Suspended Nanotubes Imaged by Photoluminescence
Daniel S. Burgess
The luminescent response of optically pumped single-walled carbon nanotubes may be used to create images of the structures, report scientists from the Institute for Microstructural Sciences in Ottawa and from the University of Ottawa. Employed as a nondestructive imaging modality, photoluminescence offers a means of locating nanotubes for assembly into optoelectronic components and of exploring fundamental characteristics of the structures, they suggest.
New means of observing nanotubes suspended in air over trenches in a substrate are of particular interest, they propose, because the objects display potentially useful optoelectronic characteristics, having been used to construct basic emitters and detectors in recent years. The problem is that existing imaging techniques can be too invasive. Scanning electron microscopes, for example, can damage the tubes or leave behind deposits that prevent luminescence, and confocal microscopy can generate optical power densities sufficient to knock the tubes off their perches across a trench.
The near-IR photoluminescence from a 100-μm-long single-walled carbon nanotube (white) is used to create an image of the structure, which is suspended over a series of partially filled trenches (black) in a silicon substrate (red). Reprinted with permission of Nano Letters.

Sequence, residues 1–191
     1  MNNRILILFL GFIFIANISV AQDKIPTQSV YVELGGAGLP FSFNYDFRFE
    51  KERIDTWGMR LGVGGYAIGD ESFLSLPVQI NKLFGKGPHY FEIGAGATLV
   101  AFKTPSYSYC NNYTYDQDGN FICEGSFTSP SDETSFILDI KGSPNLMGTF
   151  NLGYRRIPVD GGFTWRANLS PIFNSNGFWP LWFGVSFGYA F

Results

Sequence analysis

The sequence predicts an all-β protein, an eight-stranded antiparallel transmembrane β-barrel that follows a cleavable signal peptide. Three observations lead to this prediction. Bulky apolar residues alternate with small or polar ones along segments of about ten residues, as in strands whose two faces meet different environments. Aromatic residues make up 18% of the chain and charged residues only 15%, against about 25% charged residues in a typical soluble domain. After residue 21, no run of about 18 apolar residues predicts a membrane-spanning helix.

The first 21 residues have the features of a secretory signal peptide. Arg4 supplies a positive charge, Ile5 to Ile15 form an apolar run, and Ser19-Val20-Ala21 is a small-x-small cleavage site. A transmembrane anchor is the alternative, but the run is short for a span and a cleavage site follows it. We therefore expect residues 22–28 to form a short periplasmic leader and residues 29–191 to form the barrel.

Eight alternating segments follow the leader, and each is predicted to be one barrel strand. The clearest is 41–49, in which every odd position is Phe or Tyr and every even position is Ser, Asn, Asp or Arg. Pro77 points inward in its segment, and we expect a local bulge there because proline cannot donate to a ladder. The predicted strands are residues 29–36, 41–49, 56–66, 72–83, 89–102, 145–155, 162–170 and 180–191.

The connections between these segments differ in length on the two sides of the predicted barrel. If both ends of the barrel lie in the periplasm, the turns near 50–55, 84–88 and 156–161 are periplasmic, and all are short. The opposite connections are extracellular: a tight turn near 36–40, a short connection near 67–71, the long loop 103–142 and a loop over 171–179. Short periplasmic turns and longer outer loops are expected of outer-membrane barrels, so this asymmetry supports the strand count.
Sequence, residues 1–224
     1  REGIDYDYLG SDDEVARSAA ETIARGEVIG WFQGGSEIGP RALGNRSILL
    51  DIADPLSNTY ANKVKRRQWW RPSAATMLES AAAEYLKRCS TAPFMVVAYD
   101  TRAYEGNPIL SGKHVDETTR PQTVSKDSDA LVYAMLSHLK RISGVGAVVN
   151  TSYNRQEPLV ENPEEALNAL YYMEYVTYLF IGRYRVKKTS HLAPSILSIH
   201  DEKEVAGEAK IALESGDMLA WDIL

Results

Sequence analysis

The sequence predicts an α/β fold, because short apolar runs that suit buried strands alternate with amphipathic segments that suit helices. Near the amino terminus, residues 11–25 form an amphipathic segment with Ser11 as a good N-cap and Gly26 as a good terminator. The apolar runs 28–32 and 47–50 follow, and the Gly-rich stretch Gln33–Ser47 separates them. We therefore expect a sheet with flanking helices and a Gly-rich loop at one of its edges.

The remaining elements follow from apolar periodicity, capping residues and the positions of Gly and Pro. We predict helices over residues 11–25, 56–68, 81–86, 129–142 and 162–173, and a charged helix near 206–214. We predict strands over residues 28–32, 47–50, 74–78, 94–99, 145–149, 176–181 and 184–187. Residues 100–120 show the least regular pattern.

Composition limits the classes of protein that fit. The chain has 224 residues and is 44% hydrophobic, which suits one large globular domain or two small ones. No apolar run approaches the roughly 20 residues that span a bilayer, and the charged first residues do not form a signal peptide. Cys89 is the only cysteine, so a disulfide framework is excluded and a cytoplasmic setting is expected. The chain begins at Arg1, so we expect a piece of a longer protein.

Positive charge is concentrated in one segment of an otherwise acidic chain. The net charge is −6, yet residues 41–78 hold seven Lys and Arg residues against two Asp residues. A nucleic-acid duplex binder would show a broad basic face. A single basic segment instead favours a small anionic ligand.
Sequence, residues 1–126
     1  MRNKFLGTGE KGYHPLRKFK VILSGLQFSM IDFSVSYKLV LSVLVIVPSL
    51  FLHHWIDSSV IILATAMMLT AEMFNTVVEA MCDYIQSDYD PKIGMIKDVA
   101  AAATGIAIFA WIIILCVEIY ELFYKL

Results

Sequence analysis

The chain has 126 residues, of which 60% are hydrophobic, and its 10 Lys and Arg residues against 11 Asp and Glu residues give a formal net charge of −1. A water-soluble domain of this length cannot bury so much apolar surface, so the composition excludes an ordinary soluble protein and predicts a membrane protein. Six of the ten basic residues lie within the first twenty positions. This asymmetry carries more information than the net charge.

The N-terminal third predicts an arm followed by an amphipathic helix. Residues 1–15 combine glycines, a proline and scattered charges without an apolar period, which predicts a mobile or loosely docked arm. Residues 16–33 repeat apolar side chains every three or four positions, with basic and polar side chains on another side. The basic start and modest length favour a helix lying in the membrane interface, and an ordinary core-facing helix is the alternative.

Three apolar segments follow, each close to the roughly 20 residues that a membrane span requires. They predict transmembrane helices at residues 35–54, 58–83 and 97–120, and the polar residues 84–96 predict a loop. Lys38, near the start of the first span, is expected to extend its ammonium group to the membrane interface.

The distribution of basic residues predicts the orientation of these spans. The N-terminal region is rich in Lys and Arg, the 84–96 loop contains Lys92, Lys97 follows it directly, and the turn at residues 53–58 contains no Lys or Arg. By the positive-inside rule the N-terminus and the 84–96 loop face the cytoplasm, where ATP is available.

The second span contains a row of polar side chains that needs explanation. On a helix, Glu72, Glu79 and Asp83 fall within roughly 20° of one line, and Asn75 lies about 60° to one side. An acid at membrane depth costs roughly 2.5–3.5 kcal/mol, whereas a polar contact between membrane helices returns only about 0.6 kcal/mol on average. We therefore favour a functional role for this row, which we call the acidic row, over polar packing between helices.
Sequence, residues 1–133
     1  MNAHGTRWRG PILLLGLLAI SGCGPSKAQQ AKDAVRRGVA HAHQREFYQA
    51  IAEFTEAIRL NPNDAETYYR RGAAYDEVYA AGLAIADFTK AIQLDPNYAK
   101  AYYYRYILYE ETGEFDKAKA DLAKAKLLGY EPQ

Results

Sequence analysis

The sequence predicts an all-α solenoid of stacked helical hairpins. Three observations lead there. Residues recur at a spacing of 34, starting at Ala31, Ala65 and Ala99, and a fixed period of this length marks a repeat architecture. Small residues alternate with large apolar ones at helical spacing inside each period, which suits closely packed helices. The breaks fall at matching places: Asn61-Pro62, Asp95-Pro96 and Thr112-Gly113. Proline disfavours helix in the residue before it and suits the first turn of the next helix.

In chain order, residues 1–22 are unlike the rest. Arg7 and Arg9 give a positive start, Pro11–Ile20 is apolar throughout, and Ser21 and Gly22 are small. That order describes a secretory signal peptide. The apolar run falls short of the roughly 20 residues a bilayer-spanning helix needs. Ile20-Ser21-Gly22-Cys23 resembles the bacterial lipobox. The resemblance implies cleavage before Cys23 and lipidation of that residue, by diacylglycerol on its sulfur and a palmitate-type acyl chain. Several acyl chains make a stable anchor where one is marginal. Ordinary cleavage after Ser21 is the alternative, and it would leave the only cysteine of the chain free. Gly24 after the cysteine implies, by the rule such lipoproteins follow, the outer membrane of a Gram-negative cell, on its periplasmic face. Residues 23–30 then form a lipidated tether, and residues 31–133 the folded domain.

In a demonstration of the photoluminescence imaging approach, the researchers used a Ti:sapphire laser tunable from 720 to 1030 nm to excite nanotubes grown by chemical vapor deposition over ∼0.25-μm-deep trenches. They employed a λ/4 plate to circularly polarize the excitation so that the orientation of the tubes would not affect the response, and they selected microscope optics to yield a peak power density of 0.5 kW/cm2 in a Gaussian spot on the sample.
The resulting photoluminescence from the approximately 50-μm-long segments suspended over the trenches was directed to a grating and to a 320 × 256-element InGaAs photodiode array, which was sensitive in the near-IR from 1.0 to 1.6 μm.
The nanotubes were clearly visible in the images, confirming the suitability of the technique for detecting their presence. By using a series of images to resolve changes in the intensity and the spectra over time, the investigators also showed that material inhomogeneities in the tubes and contact with the substrate can be detected using the approach. They further found that, by removing the wave plate so that the excitation was linearly polarized and aligning the polarization along a tube’s axis, they could estimate the quantum efficiency of the nanotube.
In fact, the scientists calculated that the quantum efficiency of a suspended single-walled carbon nanotube is 7 percent, which they note is orders of magnitude higher than was previously believed. They submit that the underlying mechanisms responsible for photoluminescence in the structures must be re-examined, and that suspended nanotubes might be even more promising for optoelectronic applications than has been proposed.
Nano Letters, August 2006, pp. 1603-1608.
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